Net Optics unleashes 40G network tap

Over a decade ago it wasn’t uncommon for an engineer to put a network tap on a network to send packets to a monitoring tool. Over the years using a switch port analyzyer (span) or mirror port has accomplished much of the same thing.

However, for some organizations and service providers, network taps are coming back into popularity.

That’s why Net Optics Inc., a Santa Clara, Calif., company, has added a passive 40 Gigabit Fibre Tap for high performance networks to its lineup.

The US$1,500 unit requires no power but delivers full duplex monitoring thanks to a custom monitoring cable that sends the signal to a separate network interface card on the monitoring device.

Dennis Carpio, Net Optic’s director of product innovation, acknowledged in an interview that only a small number of organizations, mostly telecommunications companies and service providers, have 40G Ethernet networks today. But, he added, when demand goes up the company will be ready.

 “As 40Gig and 100Gig become more prevalent [in the data centre] I think you’re going to see more and more of these core and backbone environments turn to 40 and 100, which is going to push everything else down the stack. There’s going to be a need eventually where 40Gig will be in the core and people are going to want to access 40Gig traffic outside of any additional methods like span port mirroring. ”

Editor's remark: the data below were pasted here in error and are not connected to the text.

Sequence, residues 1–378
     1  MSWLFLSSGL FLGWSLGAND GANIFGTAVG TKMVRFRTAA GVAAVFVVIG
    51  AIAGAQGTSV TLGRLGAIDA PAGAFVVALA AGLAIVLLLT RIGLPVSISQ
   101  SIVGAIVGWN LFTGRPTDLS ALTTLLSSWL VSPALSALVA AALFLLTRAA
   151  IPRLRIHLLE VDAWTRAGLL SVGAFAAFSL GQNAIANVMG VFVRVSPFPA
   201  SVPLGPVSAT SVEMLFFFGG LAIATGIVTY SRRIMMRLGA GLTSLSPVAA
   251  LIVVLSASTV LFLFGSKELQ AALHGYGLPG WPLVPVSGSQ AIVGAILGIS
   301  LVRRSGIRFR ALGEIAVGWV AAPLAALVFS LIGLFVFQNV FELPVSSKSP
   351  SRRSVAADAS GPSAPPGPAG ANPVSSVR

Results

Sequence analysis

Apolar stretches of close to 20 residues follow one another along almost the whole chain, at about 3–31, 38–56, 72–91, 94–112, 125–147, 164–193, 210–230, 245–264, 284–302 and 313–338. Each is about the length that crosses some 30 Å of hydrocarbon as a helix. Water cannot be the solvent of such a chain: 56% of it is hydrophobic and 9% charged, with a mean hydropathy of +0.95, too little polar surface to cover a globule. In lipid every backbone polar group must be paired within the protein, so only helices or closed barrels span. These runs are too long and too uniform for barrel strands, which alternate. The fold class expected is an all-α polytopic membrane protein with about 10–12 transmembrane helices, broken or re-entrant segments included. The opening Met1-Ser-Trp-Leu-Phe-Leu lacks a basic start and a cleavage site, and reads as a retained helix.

The company makes a series of copper and fibre taps, including ones for 10/100 networks, for attaching at any point on the network – the perimeter, the core the access layer or distribution layer.

“A lot of the need for establishing visibility (on the network) has been primarily in the 1Gig and 10Gig,” he said. “10Gig made a huge move into the data centre in the past few years, and a lot of the analysts are saying the impending growth of 40Gig and 100Gig is going to push everything down the stack.”

Essentially, he said, Net Optics optimized its existing 10G Fibre Tap – which uses an optical splitter to do its work – to run at 40G without materially slowing the traffic.

There aren’t a lot of companies making network taps, but the few include Datacom Systems Inc. of East Syracuse, N.Y., which makes a series of taps ranging from 10/100 to 10G and Network Instruments LLC of Minnetonka, Minn.

Network taps are a good way to divert packets to a device that does protocol analysis, said Glenn O’Donnel, a Forrester Research analyst who specializes in infrastructure issues. However, they aren’t accepted on certain networks – for example, ones that carry financial information. A tap is “very much frowned upon” there, he said, because customers don’t like the idea of their data being intercepted. A temporary mirror port is more acceptable.

“It’s a market that was really popular 15 years ago,” he said, “then fell from the radar screen. It’s starting to come back a bit now that people are starting to do more with packet-capture technologies – anything from intrusion detection systems to application-dependency mapping and various performance functions.”

The Net Optics 40G Fibre Tap is the same size as its 10G Fibre Tap, which means up to eight can be installed in an optional 19-in. rack panel.

Neither the tap nor the NIC have an IP address. Any monitoring device connected to the tap still sees all full-duplex traffic as if it were in-line, including Layer 1 and Layer 2 errors.


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Howard Solomon
Howard Solomon
Currently a freelance writer, I'm the former editor of and Computing Canada. An IT journalist since 1997, I've written for several of ITWC's sister publications including and Computer Dealer News. Before that I was a staff reporter at the Calgary Herald and the Brampton (Ont.) Daily Times. I can be reached at hsolomon [@]

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